Hitler’s Prehistoric Zoo.


No this is not some science fiction story. Hitler and the Nazi’s really did have plans to bring back animals that had already been extinct and to an extend they succeeded.

He wanted to create an Aryan race of so-called superior beings, but Hitler and his Nazis didn’t stop at humans.  They were also trying to re-instate prehistoric animals that had been extinct for 9,000 years.They planned to bring back wild Auroch cows – which stood at 7ft to the shoulder and had giant horns – to hunt in ancient forests across Europe.

It was all part of the Nazi obsession with creating a connection to the primeval Germanic tribes of history, which they believed would give them added credibility with the German people.And it was overseen by Herman Goring – Hitler’s second in command and chief huntsman of the Third Reich – who sought a larger and more challenging beast to hunt.


This is one part of a larger story about how the Nazi party sought to give itself a longer history and a credibility and a sense of legitimacy with the German people by saying they weren’t something totally new but had this 2,000 year history going back to the Germanic tribes in the forest. So the creation of these animals is just one part of that effort to give themselves some history.For Goring, hunting was one of the greatest human activities and he believed there would be a special quality to these particularly wild and ferocious animals. He imagined repopulating large areas of Eastern Europe with these animals. They were bigger and more atrocious and more vicious and that was one of the attractions, because Goring knew hunting those animals would be much more of a challenge than hunting say a fox or a hare. It was the ultimate hunting challenge.

As with many Nazi policies, the level of secrecy Hitler ruled in has made it difficult for historians to make discoveries.Orders were given verbally and rarely written down and evidence of killings was covered up – by burning bodies and destroying concentration camps.But by examining fossilised bones of Aurochs and a war diary kept by a Nazi unit, researchers have been able to identify the Nazis’ plan.

These animals were known as Heck Cattle, named after Lutz Heck a German zoologist.



Ludwig Georg Heinrich Heck, called Lutz Heck (23 April 1892 in Berlin – 6 April 1983 in Berlin) was a German zoologist, animal researcher, animal book author and director of the large zoo in the German capital city (Zoologischer Garten Berlin).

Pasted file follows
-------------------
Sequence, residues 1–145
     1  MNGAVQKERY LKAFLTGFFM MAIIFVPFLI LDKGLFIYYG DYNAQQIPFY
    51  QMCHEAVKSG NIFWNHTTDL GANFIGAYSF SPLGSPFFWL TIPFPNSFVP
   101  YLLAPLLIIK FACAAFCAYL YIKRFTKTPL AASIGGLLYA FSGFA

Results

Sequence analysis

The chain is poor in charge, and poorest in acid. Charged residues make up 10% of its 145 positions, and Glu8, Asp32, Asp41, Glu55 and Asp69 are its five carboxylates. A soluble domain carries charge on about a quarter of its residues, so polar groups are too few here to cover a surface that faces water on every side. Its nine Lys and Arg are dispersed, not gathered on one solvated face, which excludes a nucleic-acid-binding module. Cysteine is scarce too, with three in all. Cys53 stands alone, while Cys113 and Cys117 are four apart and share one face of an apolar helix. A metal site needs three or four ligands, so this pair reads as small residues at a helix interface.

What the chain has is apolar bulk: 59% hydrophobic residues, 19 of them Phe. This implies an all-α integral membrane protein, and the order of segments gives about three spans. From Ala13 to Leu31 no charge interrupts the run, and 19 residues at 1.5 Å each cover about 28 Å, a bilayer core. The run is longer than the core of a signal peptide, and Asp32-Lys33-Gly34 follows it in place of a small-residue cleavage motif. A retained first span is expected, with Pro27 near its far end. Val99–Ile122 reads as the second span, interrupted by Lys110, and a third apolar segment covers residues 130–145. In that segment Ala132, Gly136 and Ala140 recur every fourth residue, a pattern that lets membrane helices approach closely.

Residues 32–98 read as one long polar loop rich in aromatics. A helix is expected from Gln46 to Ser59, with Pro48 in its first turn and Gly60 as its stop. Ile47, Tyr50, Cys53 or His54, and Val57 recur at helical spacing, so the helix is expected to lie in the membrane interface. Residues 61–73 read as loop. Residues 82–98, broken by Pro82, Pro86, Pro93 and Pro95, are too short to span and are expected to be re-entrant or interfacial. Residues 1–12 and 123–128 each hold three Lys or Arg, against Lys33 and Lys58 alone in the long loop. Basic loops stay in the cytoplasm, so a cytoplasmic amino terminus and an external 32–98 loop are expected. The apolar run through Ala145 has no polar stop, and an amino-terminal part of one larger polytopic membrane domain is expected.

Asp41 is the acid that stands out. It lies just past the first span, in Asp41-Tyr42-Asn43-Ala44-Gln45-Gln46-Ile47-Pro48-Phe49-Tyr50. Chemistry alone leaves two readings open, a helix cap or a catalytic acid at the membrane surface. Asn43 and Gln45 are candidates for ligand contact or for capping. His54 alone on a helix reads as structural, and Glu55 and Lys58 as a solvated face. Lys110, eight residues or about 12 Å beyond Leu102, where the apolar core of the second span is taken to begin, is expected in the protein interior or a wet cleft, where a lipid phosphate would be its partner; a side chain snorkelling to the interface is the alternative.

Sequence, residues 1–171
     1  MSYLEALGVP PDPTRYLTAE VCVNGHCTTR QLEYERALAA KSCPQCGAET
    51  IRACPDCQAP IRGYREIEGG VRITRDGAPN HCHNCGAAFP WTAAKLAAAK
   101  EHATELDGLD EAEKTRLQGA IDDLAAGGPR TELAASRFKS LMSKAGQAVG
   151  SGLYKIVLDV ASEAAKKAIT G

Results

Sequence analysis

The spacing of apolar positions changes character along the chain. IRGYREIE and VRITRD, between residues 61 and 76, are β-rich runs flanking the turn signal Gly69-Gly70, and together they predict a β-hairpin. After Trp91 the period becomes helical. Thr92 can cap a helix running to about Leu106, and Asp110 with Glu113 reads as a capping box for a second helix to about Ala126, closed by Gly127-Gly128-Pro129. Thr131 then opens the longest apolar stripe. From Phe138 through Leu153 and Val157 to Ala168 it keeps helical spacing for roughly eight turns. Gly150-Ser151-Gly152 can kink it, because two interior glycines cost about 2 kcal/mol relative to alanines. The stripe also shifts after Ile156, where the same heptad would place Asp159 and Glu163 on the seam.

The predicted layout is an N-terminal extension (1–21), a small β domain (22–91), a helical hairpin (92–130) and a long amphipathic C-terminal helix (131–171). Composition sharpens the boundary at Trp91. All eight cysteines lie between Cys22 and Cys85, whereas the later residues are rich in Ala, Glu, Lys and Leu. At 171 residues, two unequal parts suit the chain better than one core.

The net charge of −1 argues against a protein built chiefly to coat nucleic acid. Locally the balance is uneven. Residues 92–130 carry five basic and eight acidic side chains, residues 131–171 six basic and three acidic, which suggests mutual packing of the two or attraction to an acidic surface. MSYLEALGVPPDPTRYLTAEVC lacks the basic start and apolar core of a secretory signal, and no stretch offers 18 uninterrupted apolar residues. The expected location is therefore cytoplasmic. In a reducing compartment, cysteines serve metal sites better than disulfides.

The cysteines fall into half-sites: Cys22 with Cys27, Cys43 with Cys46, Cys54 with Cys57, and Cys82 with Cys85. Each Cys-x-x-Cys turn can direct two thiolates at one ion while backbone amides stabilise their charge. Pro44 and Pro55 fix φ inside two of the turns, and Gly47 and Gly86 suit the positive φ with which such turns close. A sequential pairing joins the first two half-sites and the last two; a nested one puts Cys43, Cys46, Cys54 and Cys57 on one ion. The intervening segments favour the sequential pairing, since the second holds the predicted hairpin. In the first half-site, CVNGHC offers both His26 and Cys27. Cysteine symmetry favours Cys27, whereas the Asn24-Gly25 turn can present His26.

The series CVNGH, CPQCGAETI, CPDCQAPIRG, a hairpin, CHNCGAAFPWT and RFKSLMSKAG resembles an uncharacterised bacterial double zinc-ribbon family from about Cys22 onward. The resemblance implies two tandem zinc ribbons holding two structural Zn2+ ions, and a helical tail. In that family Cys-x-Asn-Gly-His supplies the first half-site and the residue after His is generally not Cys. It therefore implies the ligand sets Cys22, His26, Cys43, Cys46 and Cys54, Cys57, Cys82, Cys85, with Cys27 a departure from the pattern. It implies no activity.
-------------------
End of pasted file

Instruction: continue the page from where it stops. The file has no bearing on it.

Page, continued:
Together with his brother Heinz Heck, also a zoologist and director of the largest zoological garden in southern Germany, Tierpark Hellabrunn in Munich, he started a selective breeding program, which attempted – based on the knowledge of animal genetics of the time – to “recreate” wild animal species that are today extinct, from various forms of the domestic animals whose ancestors they were (see “breeding back“).By their work they created breeds of cattle and horse – later named “Heck cattle” and “Heck horse” respectively, after their creators – that are today seen as not sufficiently similar to their ancestors to be called a successful resurrection, although Heinz and Lutz Heck believed they had “resurrected” the breeds by their efforts.

During World War II Heck took part in the pillaging of Warsaw Zoo, stealing the most valuable animals and taking them to German zoos.

The 2 brothers had already started during the Weimar era in Germany  but the efforts really took shape once Goering got involved.

In 1932, the first bull that Heinz Heck believed to resemble the aurochs, named ″Glachl″, was born. It was a 75% Corsican and 25% (Gray cattle × Lowland × Highland × Angeln) cross individual. This bull and its father subsequently were bred into further breeds to increase weight. As a consequence, most modern Heck cattle go back to Central European milk- and meat cattle that were supplemented by cattle from other regions. Advocates of Heck cattle often claim that Heinz′ and Lutz′ breeding results looked largely identically ″proving the success″ of their experiment. However, Berlin and Munich Heck cattle did not look very similar.

In the German Zoo Duisburg, one Watussi cattle cow, which is a half-zebuine breed, was crossed with a Heck bull. Some modern Heck cattle, mainly those displaying large and thick horns, descend from this crossbred offspring. In some locations, primitive Southern European cattle, such as Sayaguesa Cattle and Chianina, have been crossed into Heck cattle herds aiming to approach the aurochs in phenotypical characters. This cross-breed is called Taurus cattle.

There are about 2000 Heck cattle in Europe and few elsewhere. Heck cattle has been spread in German zoos because of the erroneous claim made by the Heck brothers that these cattle represent a resurrected aurochs and are proposed as animals suitable for conservation projects today. In Oostvaardersplassen in Flevoland near Lelystad (Netherlands), there are about 600 Heck cattle roaming freely. Weak animals often are shot by hunters in order to prevent unnecessary suffering.Other cattle are at the Falkenthaler Rieselfelder near Berlin. There are also Heck Cattle at the Nesseaue nature reserve near Jena, Thuringia and at the Grubenfelder Leonie nature reserve in Auerbach, Bavaria. There were about 100 registered in France in 2000. In 2009 nine cows and four bulls were imported to south west England from Belgium.[Derek Gow, a British conservationist who operates a rare breeds farm at Lifton near Okehampton in Devon, bought a herd of 13 Heck cattle from Belgium in 2009.The herd grew to 20 animals, but in January 2015 it was reported that Gow had had to slaughter most of them due to high levels of aggression, leaving just six




  1. standing-start says:

    This is fascinating – I wonder how much more of this sort of thing went on that we will simply never learn about.


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